Spadaro continued, “However, it is clear that nationalist and sovereign identity must be based also on religion in order to impose itself. He [Salvini] found this method of religious instrumentalization (in Italy as elsewhere in the world, be clear: we are not original in this!) as suitable and uses it. The Christian conscience, in my opinion, should shake with indignation and humiliation in seeing itself trafficked and flattered in such a manner.”

Adding to the criticism by Francis proxies was the cardinal secretary of state Pietro Parolin, who told reporters, “I believe partisan politics divides, but God belongs to everyone. Invoking God for oneself is always very dangerous.”

Cardinal Angelo Bagnasco, president of the European Bishops’ Conference, chimed in as well, telling La Stampa that particular groups cannot appropriate Christian values and that “acceptance and integration are essential values of the Gospel” and have “no color.”  Bishop Domenico Mogavero, who leads the judicial affairs panel of the Italian Bishops’ Conference, said, “Those who are with him [Salvini] cannot call themselves Christian because they have reneged on the commandment of love,” claiming that Salvini’s views are “inhuman, anti-historic views, diametrically opposed to the Gospel message.”

Müller blasted Mogavero’s comments in the Corriere della sera interview. “One can’t say that those who don’t share the reception of immigrants are not Christian. Clearly we must welcome immigrants, but not identify ourselves with a single policy.”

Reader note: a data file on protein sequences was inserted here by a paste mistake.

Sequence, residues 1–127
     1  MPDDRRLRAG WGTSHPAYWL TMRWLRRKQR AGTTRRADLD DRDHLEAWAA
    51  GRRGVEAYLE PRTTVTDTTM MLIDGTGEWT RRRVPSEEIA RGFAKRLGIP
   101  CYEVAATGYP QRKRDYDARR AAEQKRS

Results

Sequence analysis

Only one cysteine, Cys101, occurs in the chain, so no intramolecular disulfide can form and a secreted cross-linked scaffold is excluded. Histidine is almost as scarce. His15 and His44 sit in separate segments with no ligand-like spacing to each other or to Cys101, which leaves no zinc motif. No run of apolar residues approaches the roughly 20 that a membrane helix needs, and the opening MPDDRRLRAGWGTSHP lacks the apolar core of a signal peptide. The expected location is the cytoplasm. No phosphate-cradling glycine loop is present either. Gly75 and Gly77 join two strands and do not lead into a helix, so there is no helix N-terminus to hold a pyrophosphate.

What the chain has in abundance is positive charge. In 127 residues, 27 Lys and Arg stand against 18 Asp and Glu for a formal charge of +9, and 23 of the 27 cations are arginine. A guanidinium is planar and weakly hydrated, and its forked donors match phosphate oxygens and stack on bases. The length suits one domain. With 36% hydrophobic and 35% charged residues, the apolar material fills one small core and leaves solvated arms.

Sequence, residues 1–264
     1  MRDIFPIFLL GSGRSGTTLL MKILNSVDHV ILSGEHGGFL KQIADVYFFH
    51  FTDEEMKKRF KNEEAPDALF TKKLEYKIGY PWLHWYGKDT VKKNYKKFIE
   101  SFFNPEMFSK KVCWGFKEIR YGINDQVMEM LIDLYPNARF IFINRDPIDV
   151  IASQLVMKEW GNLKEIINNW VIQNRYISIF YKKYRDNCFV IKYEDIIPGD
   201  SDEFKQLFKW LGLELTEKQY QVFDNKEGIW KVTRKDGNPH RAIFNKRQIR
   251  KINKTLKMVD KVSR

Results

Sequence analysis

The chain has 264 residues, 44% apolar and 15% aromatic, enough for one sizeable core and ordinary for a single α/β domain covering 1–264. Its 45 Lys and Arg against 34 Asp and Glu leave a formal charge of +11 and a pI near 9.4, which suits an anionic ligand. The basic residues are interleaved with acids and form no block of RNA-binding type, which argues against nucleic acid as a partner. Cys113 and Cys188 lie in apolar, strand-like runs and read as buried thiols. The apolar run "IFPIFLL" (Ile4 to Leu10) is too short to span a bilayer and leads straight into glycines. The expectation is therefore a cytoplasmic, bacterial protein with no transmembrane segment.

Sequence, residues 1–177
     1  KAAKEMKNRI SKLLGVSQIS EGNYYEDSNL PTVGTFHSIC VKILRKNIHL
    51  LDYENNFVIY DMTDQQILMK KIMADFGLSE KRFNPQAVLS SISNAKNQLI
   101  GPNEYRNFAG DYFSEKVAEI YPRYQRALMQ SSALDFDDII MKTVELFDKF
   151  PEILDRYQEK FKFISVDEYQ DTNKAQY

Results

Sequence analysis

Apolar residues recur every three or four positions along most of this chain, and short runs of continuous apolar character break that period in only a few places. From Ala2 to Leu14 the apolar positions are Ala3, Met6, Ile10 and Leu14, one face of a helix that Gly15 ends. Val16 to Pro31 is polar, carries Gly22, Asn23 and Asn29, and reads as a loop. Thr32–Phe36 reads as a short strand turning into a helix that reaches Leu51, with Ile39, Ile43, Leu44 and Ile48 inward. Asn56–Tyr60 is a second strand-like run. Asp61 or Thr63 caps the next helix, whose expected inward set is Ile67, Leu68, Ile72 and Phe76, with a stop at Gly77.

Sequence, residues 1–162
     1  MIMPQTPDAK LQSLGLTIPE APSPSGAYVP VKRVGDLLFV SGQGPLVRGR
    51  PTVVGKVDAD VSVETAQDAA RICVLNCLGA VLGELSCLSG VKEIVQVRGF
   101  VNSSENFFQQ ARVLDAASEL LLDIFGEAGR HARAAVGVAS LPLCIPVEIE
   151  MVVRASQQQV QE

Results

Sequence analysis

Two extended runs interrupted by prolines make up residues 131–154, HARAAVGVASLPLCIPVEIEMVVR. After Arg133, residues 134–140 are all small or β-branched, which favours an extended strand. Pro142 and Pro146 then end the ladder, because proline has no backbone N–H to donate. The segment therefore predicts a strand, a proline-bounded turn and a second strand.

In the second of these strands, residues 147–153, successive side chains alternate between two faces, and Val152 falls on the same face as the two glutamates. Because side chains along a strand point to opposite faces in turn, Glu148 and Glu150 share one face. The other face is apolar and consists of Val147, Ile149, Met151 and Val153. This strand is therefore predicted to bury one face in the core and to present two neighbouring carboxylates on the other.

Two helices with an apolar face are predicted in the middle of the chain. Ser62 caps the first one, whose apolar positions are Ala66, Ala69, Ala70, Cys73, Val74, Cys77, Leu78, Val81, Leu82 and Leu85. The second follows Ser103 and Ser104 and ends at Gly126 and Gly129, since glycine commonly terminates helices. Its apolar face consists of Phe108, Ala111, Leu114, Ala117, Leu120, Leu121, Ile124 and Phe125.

Pope Francis talks to Christian-persecuting Chinese but won’t talk to Salvini, Müller says

“People don’t understand, they are disoriented. When Salvini criticizes the Pope at the rally in Piazza Duomo, Milan, and there’s applause, where did we end up?” asked Müller, adding. “It’s strange that the Pope receives most lay people, and not Salvini. He talks with the Venezuelan regime, or with China that puts millions of Christians in re-education camps, destroys churches, persecutes Christians. But here in Italy we are not in China. You must speak to everyone in a spirit of brotherhood.”

As LifeSite has previously reported, Pope Francis has declined to meet with Salvini despite multiple attempts on the part of the latter to obtain an audience with the pontiff. However, Francis has met twice with the infamous Italian abortionist and radical leftist politician Emma Bonino, who boasts she has personally killed unborn children in illegal abortion facilities and continues to defend the practice of abortion, and has praised her publicly as a “forgotten great” for her work with refugees. Francis also gave an audience to the pro-abortion rock star “Bono” and has welcomed into the Vatican many advocates of abortion and population control such as Paul Ehrlich, John Bongaarts, and Jeffrey Sachs.

While denying he was attacking the pope, Müller noted that “years ago the Pope said about the future U.S. president, Donald Trump, that it was not Christian to build walls to repel immigrants,” Müller noted. “I think it was a mistake, like that of some German bishops, who deal more with politics than with faith.”

“Perhaps it also depends on the fact that the role of the Church has changed. But the Church must reconcile, not divide. But today, anyone who criticizes it is branded as an enemy of the Pope, and lay people who say different things are defined as non-Christians,” said Müller.